and still fewer that his poems were Wood’s Ath. vpl. I. Fasti. 155. | Halsted, notwithstanding the remonstrances of the incumbent, who assured him that with such a deduction it was an incompetent maintenance, and that he had been obliged to write books in order to be able to buy some. These arguments not prevailing, he was about to resign Halsted, when Edward lord Denny, afterwards earl of Norwich, gave him the donative of Waltham Holy Cross in Essex. About the same time (1612) he took the degree of doctor in divinity.

He now returned home, and resumed his professional duties, happy in having overcome his perplexities, an in the acquisition of a new patron, whom he valued so highly as to refuse the prince’s invitation to reside near his person, and in the road to higher preferment. He was afterwards made a prebendary of the collegiate church of Wolverhampton, a very small endowment, but acceptable to our author from the prospect it afforded of public usefulness; and after many law-suits he was the means of recovering some revenues belonging to the church which had been unjustly withheld. He is said by all his biographers to have retained the living of Waltham for twenty-two years, and this assertion is founded on his own words in his “Specialities;” but as he expressed the time in numerals, there may be a mistake in the printing, for if he remained at Waltham twenty -two years, he must have kept that living after he was bishop of Exeter, which is not very probable, especially as we find there were three incumbents on the living of Waltham before 1637.

In 16)6 he attended the embassy of James Hay, viscount Doncaster, into France, and during his absence king James performed a promise he had made before his setting out, of conferring upon him the deanery of Worcester. In the following year he accompanied his majesty into Scotland as one of his chaplains; but on his return it was insinuated to the king that Dr. Hall leaned too much to the presbyterian interpretation of the five points *, the discussion of which at that time occupied the attention of the protestant world: on this he was required to give his opinion in writing, with which the king was so well satisfied, and found himself s* much of his way of thinking, that he commanded it to be read in the university of Edinburgh. In 1618 he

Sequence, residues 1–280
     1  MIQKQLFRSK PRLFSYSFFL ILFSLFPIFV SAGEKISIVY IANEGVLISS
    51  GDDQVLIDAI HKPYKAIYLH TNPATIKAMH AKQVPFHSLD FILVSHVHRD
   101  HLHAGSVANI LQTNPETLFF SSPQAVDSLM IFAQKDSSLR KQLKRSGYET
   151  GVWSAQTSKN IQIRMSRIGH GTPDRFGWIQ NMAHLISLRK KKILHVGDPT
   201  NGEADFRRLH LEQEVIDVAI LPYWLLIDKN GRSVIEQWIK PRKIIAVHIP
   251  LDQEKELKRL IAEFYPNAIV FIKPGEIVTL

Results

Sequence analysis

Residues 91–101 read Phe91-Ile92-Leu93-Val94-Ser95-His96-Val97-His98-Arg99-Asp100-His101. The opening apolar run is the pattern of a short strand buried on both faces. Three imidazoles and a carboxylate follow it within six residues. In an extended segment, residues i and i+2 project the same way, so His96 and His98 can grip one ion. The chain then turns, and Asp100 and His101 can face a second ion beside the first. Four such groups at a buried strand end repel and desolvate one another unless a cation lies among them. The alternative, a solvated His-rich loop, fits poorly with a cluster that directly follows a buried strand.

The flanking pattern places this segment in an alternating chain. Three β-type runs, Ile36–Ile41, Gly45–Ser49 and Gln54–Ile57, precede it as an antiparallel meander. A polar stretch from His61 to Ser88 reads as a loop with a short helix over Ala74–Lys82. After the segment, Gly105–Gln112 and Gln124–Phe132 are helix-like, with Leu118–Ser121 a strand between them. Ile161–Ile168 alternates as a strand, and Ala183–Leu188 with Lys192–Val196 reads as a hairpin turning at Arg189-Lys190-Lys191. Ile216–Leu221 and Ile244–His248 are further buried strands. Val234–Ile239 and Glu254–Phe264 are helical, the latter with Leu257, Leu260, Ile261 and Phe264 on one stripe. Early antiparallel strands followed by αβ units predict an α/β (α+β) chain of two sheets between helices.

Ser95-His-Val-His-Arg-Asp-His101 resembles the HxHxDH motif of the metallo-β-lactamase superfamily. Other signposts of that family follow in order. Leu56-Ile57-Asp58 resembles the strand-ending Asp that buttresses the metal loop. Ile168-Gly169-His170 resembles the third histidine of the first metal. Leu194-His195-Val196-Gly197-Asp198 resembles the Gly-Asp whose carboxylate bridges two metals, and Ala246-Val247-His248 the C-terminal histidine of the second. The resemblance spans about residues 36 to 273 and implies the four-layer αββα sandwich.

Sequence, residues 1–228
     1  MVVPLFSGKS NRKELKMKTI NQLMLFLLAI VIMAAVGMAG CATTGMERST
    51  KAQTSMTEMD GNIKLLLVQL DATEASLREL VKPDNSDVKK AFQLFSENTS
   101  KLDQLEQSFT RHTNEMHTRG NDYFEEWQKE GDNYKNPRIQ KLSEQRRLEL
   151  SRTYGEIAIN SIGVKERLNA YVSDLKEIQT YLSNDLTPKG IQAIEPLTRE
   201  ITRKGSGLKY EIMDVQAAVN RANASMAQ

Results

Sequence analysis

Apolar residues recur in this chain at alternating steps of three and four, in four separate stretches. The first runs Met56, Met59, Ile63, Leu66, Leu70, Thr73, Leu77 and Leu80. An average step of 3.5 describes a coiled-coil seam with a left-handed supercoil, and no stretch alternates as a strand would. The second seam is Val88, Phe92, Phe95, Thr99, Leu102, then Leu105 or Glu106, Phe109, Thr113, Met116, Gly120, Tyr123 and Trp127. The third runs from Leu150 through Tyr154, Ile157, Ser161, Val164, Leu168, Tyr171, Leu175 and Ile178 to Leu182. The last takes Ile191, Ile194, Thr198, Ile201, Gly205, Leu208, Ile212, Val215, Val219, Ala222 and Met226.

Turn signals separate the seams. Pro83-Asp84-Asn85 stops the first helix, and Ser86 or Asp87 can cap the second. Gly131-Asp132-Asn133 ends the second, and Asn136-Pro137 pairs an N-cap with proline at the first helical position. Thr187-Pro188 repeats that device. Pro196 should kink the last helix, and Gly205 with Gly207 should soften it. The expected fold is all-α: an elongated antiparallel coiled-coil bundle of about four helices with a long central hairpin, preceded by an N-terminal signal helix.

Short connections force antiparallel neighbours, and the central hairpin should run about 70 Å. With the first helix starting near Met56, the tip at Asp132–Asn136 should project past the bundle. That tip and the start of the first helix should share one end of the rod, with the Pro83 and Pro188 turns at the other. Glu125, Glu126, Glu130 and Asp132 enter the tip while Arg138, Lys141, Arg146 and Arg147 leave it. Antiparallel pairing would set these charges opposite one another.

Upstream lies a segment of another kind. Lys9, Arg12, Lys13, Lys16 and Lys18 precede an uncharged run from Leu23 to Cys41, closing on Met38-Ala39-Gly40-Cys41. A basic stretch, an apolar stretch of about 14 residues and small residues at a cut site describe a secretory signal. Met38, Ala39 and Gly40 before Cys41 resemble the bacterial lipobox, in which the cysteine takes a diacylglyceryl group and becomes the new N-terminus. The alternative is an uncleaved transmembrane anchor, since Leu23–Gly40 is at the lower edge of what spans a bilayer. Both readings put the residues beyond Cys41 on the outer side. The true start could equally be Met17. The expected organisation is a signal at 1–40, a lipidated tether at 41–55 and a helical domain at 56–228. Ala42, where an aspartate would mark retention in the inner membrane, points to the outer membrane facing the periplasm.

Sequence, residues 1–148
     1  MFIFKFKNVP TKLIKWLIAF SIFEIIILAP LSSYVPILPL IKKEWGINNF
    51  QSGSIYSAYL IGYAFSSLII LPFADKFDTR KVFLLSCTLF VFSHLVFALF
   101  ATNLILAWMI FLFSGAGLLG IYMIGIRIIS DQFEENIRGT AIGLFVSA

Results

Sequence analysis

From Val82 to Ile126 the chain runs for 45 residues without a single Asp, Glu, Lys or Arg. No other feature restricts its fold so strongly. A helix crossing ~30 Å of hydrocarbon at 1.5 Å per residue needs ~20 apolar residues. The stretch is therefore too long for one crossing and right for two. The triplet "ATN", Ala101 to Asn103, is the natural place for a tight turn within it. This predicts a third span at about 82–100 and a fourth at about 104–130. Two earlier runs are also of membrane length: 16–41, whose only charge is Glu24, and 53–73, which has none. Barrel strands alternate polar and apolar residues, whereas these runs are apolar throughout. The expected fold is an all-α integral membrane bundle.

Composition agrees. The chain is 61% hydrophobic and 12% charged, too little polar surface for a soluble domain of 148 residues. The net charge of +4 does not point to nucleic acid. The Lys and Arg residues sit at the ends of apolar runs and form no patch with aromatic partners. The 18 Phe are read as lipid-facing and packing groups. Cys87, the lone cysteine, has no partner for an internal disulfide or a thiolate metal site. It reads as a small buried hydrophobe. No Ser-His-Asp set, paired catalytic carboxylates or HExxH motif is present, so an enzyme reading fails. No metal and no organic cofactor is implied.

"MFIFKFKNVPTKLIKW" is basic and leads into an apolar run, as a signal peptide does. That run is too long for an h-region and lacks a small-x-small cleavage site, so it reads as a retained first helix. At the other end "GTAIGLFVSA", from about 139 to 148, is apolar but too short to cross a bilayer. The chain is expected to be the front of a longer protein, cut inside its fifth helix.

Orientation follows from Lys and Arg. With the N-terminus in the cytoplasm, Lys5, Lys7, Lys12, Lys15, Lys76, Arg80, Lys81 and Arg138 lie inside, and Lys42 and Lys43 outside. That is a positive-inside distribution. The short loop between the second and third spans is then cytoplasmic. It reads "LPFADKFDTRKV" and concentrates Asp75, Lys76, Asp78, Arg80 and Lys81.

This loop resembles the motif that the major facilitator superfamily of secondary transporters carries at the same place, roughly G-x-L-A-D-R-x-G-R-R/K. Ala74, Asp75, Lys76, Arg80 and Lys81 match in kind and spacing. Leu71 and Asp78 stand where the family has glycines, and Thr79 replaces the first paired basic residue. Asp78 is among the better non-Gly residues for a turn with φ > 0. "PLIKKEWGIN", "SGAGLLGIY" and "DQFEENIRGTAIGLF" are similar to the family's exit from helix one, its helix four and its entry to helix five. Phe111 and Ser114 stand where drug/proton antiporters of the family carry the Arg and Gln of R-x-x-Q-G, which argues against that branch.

Viz. Predestination; the extent of Christ’s death; Man’s free-will and corruption, the manner of our conversion, to God; and, Perseverance.

| was sent to the synod of Dort, which was summoned by the states-general, and consisted of the most eminent divines deputed from the United Provinces, and churches of England, Scotland, Switzerland, &c. and its objectwas to decide the controversy between the Calvinists and Arminians respecting the five points. Dr. Hairs companions on this mission were Dr. Carleton, bishop of Landaff, and afterwards of Chichester, Dr. Davenant, master of Queen’s college, Cambridge, and Dr. Ward, master of Sidney; but the state of his health requiring his return after about two months, his place was supplied by Dr. Goad. During his short residence, however, he preached a Latin sermon before the synod, and on his departure, among other honourable testimonies of their esteem, received from them, a rich gold medal which is painted suspended on his breast in the fine portrait now in Emanuel college. It appears by his treatise entitled “Via Media,” that he was not extremely rigid with respect to all the five points; but his was not an age for moderation, and no party sought a middle way.